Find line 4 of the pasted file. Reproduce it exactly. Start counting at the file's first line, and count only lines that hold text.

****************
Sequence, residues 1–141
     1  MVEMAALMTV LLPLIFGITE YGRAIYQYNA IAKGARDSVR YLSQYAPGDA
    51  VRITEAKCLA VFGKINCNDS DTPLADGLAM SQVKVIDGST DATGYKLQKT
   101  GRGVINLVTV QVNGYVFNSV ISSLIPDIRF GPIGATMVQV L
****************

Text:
   101  GRGVINLVTV QVNGYVFNSV ISSLIPDIRF GPIGATMVQV L